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Huh. New York actually passed gay marriage legislation. Go figure!

I know I should be ecstatic (and in many ways I am very proud of my state today). But the thing is, I'd been thinking deep thinky thoughts on gay marriage and politics and religion and the unholy mix of the two. And I figured, the NY legislature being the way it is, I had at least another week to find time to get them written out before this all became old news.

Anyway, nicely done!

Comments

telperion1
Jun. 26th, 2011 10:53 am (UTC)
I am perhaps an atypical Christian in that I don't view monogamous homosexuality as a sin. (I simply don't think it's what the Bible is talking about, based on my own study.) This is an area where my views have evolved over the last several years, though, so I try to allow for good-faith disagreements. It's possible I still don't have it right, and even if I do, if I'm allowed to grow into the truth others should be as well.

A friend of mine on LJ, a former medieval history professor (now a university librarian) once told me that marriage had not always been a sacrament - that up until the high medieval period (1200s?) marriage was viewed as a contract between families rather than a sacrament. I have always wanted to look into the history of this because I think it would be interesting. The problem is I haven't yet found good resources that aren't obviously politically skewed. I'd love to read a good scholarly treatment of how the word "marriage" was used in antiquity and the medieval period, to see if Christians are right to lay claim to it (or if the Christians were in their turn coopting a word that was already used secularly).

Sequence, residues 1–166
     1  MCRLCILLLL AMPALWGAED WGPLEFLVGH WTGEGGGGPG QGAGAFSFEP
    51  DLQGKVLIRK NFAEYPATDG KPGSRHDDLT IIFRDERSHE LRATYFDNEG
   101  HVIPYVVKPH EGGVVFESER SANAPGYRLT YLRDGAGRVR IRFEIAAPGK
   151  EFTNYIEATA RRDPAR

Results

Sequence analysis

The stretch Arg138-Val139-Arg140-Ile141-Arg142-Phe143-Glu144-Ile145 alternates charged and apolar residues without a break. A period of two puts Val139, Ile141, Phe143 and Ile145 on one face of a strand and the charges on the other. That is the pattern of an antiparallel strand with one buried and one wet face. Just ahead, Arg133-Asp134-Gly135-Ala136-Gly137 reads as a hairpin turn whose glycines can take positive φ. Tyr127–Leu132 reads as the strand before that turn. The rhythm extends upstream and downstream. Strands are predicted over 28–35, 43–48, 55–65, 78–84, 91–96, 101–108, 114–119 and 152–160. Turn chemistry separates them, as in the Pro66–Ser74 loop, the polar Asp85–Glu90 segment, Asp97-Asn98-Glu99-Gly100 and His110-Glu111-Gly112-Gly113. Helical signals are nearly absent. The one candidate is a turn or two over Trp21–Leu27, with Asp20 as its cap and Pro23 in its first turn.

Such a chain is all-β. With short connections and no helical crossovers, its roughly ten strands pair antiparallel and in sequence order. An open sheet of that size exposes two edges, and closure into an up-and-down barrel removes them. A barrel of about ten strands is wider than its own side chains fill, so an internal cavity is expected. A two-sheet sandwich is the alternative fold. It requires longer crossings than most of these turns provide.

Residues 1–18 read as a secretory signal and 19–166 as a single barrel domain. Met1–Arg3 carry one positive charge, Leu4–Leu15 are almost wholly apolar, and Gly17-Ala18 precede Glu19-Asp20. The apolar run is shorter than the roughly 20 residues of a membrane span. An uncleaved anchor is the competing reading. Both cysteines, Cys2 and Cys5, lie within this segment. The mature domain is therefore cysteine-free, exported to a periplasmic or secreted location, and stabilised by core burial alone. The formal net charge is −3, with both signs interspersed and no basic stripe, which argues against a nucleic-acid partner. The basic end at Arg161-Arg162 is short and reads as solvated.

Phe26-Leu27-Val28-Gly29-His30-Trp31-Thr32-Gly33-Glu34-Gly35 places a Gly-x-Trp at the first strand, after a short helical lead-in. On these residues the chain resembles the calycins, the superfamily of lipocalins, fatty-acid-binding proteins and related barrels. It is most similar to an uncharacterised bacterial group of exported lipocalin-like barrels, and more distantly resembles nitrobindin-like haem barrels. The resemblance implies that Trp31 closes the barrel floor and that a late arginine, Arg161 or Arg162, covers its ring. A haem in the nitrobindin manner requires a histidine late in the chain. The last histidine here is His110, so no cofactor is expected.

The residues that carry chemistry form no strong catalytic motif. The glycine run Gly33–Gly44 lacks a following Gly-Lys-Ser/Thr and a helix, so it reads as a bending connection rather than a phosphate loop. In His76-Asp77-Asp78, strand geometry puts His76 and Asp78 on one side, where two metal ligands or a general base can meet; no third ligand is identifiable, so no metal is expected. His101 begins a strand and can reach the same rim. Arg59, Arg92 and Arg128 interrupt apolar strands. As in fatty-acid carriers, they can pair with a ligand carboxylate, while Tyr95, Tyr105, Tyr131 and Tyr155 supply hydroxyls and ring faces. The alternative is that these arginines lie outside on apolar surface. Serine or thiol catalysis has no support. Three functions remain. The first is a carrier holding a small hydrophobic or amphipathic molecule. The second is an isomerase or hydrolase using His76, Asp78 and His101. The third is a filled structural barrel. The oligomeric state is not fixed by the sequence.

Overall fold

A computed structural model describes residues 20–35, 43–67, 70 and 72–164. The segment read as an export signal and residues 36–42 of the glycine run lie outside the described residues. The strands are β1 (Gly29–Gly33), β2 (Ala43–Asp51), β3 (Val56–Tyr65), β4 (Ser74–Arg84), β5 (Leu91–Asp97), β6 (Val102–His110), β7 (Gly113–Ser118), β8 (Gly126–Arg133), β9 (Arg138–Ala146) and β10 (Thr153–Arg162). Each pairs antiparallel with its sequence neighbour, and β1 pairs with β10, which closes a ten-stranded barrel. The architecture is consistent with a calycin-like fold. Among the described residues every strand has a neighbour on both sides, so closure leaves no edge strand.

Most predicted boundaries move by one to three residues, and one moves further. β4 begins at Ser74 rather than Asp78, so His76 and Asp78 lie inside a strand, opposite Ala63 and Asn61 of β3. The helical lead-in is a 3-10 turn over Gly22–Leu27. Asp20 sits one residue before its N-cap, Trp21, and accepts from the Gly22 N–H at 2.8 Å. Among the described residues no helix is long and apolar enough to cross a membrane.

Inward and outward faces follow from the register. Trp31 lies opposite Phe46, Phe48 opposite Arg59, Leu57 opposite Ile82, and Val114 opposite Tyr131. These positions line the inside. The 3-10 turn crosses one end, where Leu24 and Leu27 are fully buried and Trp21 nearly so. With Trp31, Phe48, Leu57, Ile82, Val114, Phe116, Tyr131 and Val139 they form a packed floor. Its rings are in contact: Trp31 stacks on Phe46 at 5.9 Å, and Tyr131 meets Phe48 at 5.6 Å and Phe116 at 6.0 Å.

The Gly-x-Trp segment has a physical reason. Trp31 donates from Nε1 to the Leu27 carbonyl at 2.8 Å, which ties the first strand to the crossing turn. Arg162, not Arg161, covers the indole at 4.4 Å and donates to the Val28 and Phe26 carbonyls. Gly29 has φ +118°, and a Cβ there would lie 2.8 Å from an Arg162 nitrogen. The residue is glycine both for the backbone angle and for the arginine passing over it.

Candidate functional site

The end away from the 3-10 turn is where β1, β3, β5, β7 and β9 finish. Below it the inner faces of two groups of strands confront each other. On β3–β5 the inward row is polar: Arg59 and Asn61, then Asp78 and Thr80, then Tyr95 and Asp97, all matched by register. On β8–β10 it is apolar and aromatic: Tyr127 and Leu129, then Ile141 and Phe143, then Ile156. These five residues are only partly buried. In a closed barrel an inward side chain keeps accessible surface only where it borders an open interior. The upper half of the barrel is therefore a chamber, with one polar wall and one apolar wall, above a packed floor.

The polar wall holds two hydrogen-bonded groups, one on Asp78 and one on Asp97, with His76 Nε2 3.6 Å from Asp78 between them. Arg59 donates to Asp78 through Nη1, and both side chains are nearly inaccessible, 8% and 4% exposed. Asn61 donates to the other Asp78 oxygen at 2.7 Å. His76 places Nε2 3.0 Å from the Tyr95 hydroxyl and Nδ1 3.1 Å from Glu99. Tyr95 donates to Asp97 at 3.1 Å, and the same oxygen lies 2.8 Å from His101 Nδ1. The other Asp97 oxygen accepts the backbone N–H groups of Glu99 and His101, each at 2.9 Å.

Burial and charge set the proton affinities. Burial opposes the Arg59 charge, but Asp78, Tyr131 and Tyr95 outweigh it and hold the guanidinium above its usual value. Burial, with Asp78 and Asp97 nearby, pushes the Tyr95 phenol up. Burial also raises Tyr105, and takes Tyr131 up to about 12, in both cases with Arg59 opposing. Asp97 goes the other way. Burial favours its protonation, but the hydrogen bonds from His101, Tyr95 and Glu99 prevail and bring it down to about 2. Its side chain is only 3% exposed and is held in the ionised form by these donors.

In either case I do agree that precision of language is crucial and would be happy to have the state offer one certification to all monogamous couples who sought it, and the church offering a completely different ceremony. I know in some cultures the word "marriage" can do double duty. (In Germany I remember the people I know used the same German word for the ceremony at the Standesamt - what we would call the justice of the peace - and for a church ceremony; in English they were usually called civil marriage and church marriage.) But if I honestly thought the hold-up was linguistic, I would be more sympathetic. As you say, most people that talk about terminology seem to have toher motives at heart.

All of that said:

I appear to be the only person on the internet who thinks this is A Bad Idea - or maybe others, like me, are afraid of speaking out?

Contrary opinions are always welcome here. I appreciate that you make me think about my own position in more detail. Thanks!

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